Adventures in the Valley – Pudding stone caves.


Nestled amongst the craggy sandstone rock formations on the North-West side of Mt. Toby is perhaps one of the most enchanting hidden places in the Pioneer Valley… The “Pudding Stone” cave, named for the conglomeration of small stones glued together by a sandstone mortar that make up this rock formation, is one of the few caves in the Valley that is actually large enough to walk through. If you are looking for adventure, this is the place to go.


Consisting of two main chambers connected by a twisting rocky hallway this cave is refuge to many local animals in both the summer and winter months. In the summer you’ll find (and smell) the porcupines that call this cave their home, evidenced by large piles of cashew-shaped scat and the occasional discarded quill. In the winter this cave is refuge for many hibernating insects as well as a small population of little brown bats.


Sign of porcupine living in and near this cave indicate that it has been in use by these animals for decades, at the very least. Exploring this section of Mt. Toby you will find many freshly cut hemlock and oak (depending on the time of year) twigs littering the ground. Many of the hemlocks that you find near a porcupine den with have a ‘bushy’ look to them as a result of annual trimmings from the powerful beaver-like teeth of this animal.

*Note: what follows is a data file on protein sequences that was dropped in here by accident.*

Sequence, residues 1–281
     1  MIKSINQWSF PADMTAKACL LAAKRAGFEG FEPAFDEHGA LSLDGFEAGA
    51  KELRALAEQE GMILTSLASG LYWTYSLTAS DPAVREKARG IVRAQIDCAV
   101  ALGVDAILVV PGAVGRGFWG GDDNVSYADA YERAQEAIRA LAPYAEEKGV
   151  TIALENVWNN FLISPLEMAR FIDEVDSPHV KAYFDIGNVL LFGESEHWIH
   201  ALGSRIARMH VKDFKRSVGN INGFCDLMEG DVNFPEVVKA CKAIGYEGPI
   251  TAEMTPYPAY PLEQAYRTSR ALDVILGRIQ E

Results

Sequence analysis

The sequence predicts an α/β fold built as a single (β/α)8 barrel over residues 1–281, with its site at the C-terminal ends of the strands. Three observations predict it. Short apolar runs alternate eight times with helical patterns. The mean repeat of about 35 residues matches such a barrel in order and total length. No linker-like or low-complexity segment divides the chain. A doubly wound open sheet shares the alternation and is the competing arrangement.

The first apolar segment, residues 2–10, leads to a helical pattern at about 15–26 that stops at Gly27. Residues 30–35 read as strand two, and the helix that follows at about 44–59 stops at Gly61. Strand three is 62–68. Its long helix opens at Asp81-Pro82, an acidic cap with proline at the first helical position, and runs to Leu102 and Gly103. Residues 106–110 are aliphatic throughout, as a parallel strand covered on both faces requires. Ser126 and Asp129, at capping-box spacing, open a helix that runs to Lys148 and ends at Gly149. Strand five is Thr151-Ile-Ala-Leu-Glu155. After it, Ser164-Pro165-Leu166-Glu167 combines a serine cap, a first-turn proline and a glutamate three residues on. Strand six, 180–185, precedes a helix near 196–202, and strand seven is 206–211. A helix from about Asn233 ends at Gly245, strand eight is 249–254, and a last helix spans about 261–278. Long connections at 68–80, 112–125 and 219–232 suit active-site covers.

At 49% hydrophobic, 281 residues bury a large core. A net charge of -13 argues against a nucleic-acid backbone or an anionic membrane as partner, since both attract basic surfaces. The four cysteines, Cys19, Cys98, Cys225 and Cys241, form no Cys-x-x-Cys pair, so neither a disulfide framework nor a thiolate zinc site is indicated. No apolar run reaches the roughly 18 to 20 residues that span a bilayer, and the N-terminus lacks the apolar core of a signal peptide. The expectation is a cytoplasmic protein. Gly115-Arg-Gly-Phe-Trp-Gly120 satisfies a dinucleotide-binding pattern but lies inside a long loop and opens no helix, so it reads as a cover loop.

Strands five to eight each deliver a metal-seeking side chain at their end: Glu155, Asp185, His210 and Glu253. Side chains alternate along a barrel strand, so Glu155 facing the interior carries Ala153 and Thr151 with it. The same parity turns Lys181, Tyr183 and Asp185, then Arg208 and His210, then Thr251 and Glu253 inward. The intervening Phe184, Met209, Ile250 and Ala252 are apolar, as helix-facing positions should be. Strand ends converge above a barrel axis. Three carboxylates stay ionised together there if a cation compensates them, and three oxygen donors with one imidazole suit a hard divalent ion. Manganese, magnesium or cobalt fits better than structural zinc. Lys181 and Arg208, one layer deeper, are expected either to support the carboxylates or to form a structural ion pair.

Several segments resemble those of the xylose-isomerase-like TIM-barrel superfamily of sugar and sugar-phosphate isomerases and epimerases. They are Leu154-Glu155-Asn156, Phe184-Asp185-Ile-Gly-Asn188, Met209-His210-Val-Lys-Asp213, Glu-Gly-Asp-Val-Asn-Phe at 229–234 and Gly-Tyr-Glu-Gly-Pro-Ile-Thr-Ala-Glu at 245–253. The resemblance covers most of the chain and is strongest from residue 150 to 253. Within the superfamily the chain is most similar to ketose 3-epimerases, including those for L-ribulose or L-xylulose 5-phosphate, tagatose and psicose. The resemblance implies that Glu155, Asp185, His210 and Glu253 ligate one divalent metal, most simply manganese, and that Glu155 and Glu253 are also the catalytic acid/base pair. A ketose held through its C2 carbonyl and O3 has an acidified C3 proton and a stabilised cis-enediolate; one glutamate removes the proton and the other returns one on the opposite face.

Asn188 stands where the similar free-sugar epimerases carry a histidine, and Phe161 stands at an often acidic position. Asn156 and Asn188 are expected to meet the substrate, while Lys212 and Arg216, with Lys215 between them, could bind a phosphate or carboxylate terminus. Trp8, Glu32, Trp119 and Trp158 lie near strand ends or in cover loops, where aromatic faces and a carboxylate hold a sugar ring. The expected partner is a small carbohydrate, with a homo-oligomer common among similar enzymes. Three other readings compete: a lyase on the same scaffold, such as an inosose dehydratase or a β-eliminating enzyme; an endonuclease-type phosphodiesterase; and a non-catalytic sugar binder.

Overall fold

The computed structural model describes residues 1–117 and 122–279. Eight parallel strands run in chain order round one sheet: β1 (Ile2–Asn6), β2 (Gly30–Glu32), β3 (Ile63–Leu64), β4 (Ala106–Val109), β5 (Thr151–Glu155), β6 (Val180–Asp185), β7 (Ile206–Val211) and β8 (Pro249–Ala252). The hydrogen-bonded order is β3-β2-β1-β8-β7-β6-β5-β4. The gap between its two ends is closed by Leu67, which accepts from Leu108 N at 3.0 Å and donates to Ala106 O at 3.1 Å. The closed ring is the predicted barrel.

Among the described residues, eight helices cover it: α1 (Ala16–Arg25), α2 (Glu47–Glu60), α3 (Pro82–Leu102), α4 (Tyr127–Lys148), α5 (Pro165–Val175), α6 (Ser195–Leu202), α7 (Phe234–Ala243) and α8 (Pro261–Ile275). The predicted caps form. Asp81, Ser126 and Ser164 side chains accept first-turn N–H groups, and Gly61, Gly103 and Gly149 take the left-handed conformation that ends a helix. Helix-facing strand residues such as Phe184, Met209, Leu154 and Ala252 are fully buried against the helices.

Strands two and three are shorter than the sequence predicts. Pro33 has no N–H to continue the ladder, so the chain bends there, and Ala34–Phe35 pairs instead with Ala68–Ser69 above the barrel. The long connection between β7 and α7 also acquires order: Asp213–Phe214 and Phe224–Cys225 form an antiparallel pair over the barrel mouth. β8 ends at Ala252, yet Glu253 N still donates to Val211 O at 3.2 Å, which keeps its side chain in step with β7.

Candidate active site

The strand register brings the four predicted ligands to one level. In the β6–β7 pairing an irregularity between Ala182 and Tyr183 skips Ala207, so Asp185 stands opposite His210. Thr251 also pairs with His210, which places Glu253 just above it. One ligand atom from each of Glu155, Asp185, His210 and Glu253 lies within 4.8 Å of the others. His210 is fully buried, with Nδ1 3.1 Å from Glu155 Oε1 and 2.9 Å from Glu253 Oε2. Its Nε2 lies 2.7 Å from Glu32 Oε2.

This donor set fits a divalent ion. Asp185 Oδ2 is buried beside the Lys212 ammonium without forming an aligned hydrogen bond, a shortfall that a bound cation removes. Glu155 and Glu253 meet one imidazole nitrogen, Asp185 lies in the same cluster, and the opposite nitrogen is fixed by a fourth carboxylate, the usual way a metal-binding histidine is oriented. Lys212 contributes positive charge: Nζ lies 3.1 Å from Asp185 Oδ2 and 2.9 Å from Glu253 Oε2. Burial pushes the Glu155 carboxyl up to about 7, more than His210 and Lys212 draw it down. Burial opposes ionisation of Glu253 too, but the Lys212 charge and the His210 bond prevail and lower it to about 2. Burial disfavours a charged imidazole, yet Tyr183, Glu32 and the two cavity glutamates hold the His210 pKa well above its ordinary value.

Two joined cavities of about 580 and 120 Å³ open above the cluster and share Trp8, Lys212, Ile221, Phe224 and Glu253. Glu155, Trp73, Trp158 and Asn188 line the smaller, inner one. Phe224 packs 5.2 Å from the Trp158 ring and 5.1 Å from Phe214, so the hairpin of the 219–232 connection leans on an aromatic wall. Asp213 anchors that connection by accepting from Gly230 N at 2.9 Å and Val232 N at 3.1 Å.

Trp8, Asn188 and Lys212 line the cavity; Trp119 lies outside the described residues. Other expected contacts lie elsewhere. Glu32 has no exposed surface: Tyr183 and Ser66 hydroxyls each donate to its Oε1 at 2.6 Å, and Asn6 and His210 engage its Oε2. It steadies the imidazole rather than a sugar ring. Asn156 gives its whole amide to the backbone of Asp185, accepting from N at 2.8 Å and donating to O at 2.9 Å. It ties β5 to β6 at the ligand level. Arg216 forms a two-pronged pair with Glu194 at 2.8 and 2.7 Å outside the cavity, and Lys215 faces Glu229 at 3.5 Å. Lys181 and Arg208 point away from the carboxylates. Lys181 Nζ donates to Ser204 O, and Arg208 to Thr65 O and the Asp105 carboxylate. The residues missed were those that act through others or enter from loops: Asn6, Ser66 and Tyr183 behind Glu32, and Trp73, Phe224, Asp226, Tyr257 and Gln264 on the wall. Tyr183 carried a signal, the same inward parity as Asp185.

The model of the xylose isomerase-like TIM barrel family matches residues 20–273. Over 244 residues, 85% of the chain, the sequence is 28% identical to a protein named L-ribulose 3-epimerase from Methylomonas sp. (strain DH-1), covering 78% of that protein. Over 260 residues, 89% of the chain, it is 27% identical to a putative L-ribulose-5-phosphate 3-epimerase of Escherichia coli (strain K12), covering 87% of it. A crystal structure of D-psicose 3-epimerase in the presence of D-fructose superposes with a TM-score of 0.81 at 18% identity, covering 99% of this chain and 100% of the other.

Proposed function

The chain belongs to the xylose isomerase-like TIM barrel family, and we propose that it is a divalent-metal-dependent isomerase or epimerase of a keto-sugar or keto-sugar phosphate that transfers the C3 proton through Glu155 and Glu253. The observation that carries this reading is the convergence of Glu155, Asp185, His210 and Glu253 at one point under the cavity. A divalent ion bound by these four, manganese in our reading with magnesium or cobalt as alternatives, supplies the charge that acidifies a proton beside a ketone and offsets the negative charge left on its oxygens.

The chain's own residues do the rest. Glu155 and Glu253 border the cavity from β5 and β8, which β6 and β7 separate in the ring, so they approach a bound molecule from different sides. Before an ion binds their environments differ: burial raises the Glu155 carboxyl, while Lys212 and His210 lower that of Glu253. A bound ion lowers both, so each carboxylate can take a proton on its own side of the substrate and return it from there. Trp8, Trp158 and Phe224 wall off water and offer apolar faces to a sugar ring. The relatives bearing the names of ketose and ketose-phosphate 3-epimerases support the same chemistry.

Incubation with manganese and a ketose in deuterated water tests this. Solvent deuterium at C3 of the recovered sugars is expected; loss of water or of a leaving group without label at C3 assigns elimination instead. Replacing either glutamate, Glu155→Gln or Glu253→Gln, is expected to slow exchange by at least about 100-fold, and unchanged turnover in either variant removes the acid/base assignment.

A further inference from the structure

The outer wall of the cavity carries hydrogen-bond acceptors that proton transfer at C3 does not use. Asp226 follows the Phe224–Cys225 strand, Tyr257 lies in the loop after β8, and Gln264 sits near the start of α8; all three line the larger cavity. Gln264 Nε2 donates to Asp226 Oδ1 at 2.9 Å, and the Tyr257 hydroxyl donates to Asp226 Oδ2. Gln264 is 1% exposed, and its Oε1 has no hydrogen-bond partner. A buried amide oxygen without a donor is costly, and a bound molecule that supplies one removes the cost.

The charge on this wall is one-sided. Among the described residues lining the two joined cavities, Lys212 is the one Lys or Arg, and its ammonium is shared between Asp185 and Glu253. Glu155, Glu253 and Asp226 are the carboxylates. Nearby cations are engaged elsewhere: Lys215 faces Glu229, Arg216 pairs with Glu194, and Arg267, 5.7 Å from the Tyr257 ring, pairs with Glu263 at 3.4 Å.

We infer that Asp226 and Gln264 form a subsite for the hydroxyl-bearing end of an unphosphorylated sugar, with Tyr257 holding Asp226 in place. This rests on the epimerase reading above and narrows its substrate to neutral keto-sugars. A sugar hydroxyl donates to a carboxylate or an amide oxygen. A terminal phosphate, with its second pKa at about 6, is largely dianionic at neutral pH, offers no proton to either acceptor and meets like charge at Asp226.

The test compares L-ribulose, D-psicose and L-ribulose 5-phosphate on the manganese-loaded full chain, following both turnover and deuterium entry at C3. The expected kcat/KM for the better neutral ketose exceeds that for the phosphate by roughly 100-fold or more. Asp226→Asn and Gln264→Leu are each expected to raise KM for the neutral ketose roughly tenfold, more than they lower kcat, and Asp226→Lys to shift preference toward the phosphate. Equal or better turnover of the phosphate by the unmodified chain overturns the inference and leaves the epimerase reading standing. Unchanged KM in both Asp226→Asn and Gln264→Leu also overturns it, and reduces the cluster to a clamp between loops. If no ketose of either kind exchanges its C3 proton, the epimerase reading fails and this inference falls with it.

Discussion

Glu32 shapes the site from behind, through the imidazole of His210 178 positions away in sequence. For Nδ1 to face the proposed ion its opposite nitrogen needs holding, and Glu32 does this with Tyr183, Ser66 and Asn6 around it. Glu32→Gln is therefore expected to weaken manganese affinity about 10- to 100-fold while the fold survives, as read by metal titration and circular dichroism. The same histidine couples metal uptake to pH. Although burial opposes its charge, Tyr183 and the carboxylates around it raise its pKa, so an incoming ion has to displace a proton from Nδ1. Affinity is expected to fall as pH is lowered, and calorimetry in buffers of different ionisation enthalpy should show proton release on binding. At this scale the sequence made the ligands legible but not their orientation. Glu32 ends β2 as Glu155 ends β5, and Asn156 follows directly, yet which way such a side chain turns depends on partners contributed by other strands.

Small secluded caves like this are incredibly important to local bat species due to the introduction of ‘white nose fungus’, a European disease that is affecting bats all throughout the United States and Canada.


Also of note is the large and charismatic fissure that splits the ground a little further up hill from the caves themselves. The ground above the caves is covered with many smaller fissures which give this cave a very well lit, non-claustrophobic feel.


The Northern most section of the cave opens up on a narrow, cliff-side path that leads around both sides of the rock formation. The main chamber is accessible through this entrance and is what makes this cave the hidden gem that it is. In the winter, if you are lucky, the combination of a cold Northern breeze and water dripping through the ceiling creates the most beautiful columns of ice which grow up from the floor in some of the most surreal and fantastic of ways. Reminiscent of crystal, these ice formations are sometimes over eight feet tall and shaped like something from a Dr. Seuss story book. Glow sticks or colored flashlights make this place absolutely magical.


Happy exploring!

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